Monday, February 02, 2015

Government dilemmas

Many readers of these blogs will have heard about the difficult economic situation of Greece. Most inhabitants of this country want to get rid of the austere measures taken for improving the economy and imposed by the countries of the euro zone and the International Monetary Fund. Therefore most Greeks have voted for parties that want to renegotiate the conditions for getting aid from these institutions. But what measures do the Greeks want to take themselves? Actually I don’t know so the case that I discuss here is pure fiction but it might be real.
Suppose that the Greek government wants to reform the budget and in order to balance the books it sees as options either increasing taxes or reducing spending.
To get enough support from the people, it will be up to them to decide what to do. So the government organises a referendum in which the voters can say what they prefer. A blank vote counts as a rejection of both options.
There is a hard campaign in which the government explicitly says that it will do what the majority of the voters prefer, while the opposition advises to cast a blank vote, because it wants to bring the government down, for it stands for nationalizing the most important companies and levelling the incomes. Then it is this what the voters prefer to do:

                                                       increase taxes             reduce spending

first third of the voters                      preferred                    dispreferred
second third of the voters                 dispreferred                preferred
remaining third of the voters            dispreferred                dispreferred  (blank votes)
result                                              dispreferred               dispreferred

It is clear from the referendum that two-thirds of the electorate support our fictive Greek government so it has no reason to resign. Nevertheless, whatever the government will do will be against the preference of the voters: Either when it increases the taxes or when it reduces the budget, it will be a decision that is opposed by a large majority of the people. In either case, the voters will say: The government doesn’t do what it has promised.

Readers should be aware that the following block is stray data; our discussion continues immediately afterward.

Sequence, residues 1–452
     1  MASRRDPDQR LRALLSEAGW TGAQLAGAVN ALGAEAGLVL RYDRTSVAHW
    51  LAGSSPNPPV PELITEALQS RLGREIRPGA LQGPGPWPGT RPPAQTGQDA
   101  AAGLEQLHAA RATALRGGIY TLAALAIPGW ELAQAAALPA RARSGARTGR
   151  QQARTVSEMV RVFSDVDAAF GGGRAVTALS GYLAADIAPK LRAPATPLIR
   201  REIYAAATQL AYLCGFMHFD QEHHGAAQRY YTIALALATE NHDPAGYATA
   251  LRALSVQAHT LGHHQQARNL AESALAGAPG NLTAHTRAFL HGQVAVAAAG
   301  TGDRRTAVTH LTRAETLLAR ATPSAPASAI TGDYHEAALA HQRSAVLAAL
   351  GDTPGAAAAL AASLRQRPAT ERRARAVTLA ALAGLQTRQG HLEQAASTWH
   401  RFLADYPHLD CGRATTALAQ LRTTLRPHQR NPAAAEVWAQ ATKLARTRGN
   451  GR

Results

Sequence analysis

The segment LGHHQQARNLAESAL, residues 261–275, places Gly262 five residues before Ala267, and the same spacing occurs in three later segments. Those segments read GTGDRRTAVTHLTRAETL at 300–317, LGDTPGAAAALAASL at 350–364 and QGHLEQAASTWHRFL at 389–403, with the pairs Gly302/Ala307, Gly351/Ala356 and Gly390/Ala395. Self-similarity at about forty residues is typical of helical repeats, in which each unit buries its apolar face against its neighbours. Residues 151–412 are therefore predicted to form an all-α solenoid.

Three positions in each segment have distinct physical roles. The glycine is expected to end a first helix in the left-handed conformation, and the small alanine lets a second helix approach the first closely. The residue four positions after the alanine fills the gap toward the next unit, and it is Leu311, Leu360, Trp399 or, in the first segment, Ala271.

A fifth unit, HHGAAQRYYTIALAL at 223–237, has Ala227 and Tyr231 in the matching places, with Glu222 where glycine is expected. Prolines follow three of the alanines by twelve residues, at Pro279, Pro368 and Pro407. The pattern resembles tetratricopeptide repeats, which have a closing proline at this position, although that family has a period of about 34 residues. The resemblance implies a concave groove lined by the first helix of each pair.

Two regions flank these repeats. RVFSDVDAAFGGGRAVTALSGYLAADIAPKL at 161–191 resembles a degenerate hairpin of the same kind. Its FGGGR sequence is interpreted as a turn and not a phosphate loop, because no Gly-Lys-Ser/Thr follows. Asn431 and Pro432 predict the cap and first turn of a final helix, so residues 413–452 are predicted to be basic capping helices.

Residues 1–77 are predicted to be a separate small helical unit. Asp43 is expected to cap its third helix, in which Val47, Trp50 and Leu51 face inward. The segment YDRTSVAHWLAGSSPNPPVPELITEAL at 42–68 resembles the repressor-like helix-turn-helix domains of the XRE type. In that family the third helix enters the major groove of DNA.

The case discussed is not exceptional. It’s an example of what can happen if people have to take decisions without having the opportunity to decide in consultation but when they have to cast votes as individuals. It’s a situation that often happens in politics. In this fictive Greek government case the best the government can do is increasing the taxes a bit and reducing the expenses a bit; so doing a bit of this and a bit of that. This is what we often see in the political arena.
Be it as it is, the upshot is that sometimes we have to decide to do what we explicitly have rejected.

Source: I have take the example and the main lines of my thought from Christian List and Philip Pettit, Group Agency. The Possibility, Design, and Status of Corporate Agents. Oxford: Oxford University Press, 2013; pp. 46-47.

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